Seafood pasta is a many wondrous thing – it’s almost a compulsion of mine to order spaghetti alle vongole (Clam pasta) at every restaurant that I think will serve a good one. When I’m in Italy it’s almost all I order and I never get sick of it. However, I also never really cook clams at home. At least in the UK it’s a bit difficult to source good ones. You see the beauty of that kind of seafood pasta is that the clams are super fresh and the juices that come out of them create a luscious sweet sauce. Supermarket clams just won’t do that and often become rubbery and I find it quite difficult to find the time to go a fishmonger or to Billingsgate fish market (although that’s a lovely thing to do). However, that doesn’t mean my desire for seafood pasta is in anyway lessened and so when I recently had the pleasure of stumbling across the Venetian custom of adding cinnamon to seafood I had to try it. Yes you read me correctly, cinnamon in seafood pasta. Trust me, it’s not just delicious but the spices mean you can make a few compromises on the seafood itself.
Before I continue to extol the virtues of spices in seafood pasta, I just wanted to do a quick apology for not posting for so long. Unfortunately recently G got ill and then happily recovered. During that time I was a bit out of it and sadly blogging fell to the bottom of the heap. Then we went to New York to visit family – a number of great meals including one unbelievable sushi meal at Sushi Nakazawa – but not much time for blogging. I’m back now and raring to go and hopefully you’ll see a lot more posts in the next few weeks! Anyway, back to seafood pasta.
The Venetian’s use of spice dates back to their period of trade with the Byzantine and Ottoman Empires. Trade with the “East” combined with the rich bounties of the Aegean and Mediterranean Seas surrounding Venice led to an almost unique approach to seafood. They add a mix of spices including cinnamon, cloves, cardamon, coriander seeds, ginger and turmeric to many seafood dishes, including seafood pasta and seafood risotto. For this particular dish I’ve only included the cinnamon and a smidgen of ground cloves with a touch of cayenne pepper. I wanted the richness of the warming spices without the other top notes which I found clashed with the scallops and rich onions. However, you should experiment for yourself and with a different mix in your seafood pasta (like mussels or more prawns) I could see a wider range of spices working – let me know your favourites, I’d love to hear.
I’m normally a firm proponent of the quality of the seafood (or any ingredient in fact) being paramount. I’d normally go so far as to say that the quality of the seafood is a better indicator of how nice the final dish will taste than the person cooking it. However, when it comes to this dish, the spices make that less true than usual. This is great news when it comes to scallops in particular. I would normally run a mile from what’s called wet scallops as they never brown properly and can taste a little waterlogged when you try to sear them (it’s to do with how they’re stored). However, in a dish like this they’ll work just fine in a pinch and they can be a lot cheaper.
Here in the UK, we’re blessed with the humble Manx Queenie Scallop. They’re a small variety of scallop which is truly delicious and pretty cheap in comparison to king scallops. They cost about £8 for a pound of scallops which will make enough seafood pasta for 5-6 people. You can order them online and I love them. However I’d normally end up buying the packets of little raw scallops from the supermarket and have found they work really well for this. Don’t serve them seared to anyone – it’s not worth it – but in a dish like this they work really well.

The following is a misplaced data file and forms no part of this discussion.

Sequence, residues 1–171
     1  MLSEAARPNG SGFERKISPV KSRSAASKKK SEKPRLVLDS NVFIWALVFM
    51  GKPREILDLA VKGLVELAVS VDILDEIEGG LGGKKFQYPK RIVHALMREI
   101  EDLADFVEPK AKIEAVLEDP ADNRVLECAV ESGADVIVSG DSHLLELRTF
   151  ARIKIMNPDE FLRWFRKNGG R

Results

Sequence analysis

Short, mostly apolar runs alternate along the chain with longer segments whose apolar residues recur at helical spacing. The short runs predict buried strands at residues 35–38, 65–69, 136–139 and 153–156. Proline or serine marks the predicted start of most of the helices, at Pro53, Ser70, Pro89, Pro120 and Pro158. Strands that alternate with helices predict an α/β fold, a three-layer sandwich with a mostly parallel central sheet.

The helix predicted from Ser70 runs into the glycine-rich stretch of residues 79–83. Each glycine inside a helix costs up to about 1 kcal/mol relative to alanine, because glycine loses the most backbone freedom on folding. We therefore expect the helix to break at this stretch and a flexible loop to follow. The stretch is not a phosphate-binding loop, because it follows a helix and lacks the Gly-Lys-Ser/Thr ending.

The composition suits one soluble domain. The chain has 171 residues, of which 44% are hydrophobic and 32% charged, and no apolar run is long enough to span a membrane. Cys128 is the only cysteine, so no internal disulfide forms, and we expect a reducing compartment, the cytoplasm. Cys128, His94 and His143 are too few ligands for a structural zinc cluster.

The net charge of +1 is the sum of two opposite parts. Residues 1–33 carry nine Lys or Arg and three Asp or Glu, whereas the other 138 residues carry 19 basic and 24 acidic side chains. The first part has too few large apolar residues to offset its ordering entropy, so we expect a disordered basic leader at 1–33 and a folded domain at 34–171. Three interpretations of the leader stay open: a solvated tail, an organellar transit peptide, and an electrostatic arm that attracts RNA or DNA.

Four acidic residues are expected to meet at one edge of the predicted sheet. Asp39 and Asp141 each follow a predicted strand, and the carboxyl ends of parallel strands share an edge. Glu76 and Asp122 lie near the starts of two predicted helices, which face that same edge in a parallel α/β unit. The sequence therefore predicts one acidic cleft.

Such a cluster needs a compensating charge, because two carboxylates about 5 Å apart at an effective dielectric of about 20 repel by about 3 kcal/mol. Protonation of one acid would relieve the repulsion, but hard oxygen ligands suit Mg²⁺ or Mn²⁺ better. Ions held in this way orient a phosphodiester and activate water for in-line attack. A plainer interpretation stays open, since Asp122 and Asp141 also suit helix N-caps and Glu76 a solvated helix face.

I’ve tried this dish in a couple of different ways. I’ve tried adding molluscs like cockles, clams and mussels and they were delicious but they really need to be fresh and are hard to source. As such, this recipe below with scallops and prawns is my favourite way to cook seafood pasta midweek – I hope you like it as much as I do. It works really well with dried pasta but it’s at it’s absolute best with fresh pasta – which in classic TimedEating fashion you can and should make a bit in advance. My favourite recipe for thre pasta dough is here.
Seafood pasta with scallops, prawns and a hint of cinnamon
Ingredients: (serves 3)
- 150g small scallops (about 15)
- 150g peeled prawns
- 1 large garlic clove very finely sliced
- 1/2 teaspoon of ground cloves
- 2 teaspoons ground cinnamon
- pinch of cayenne pepper
- 2 large banana shallots finely diced
- 150ml white wine
- 2 tablespoons of finely chopped tarragon (about half a bunch)
- 300g fresh or dried pasta
- The end of a lemon
- Add a glug of olive oil to a large frying pan over a medium heat and add the onions, season well with salt and a decent amount of black pepper (about five full twists of a pepper grinder). The spice of the pepper should come through in the final dish. Cook for about ten minutes whilst stirring until soft and translucent.
- Add one teaspoon of the cinnamon and the cloves and cook for a further couple of minutes. Add the white wine and cook until completely evaporated. Remove from the frying pan and reserve.
- Cook the pasta in salted water and strain, reserve some of the cooking water.
- Add a small amount of olive oil to the frying pan and place over a high heat. You will now need to work quickly. Add the scallops, prawns, remaining and garlic and toss for 30 seconds. Add the remaining cinnamon, stir and cook for another 30 seconds (they don’t take long).
- Add the reserved pasta, the reserved onions, a splash of the cooking water and a small splash of olive oil. Cook together for 30 seconds tossing constantly and then add the tarragon. Adjust seasoning with salt and pepper and a few drops of lemon juice. Serve immediately.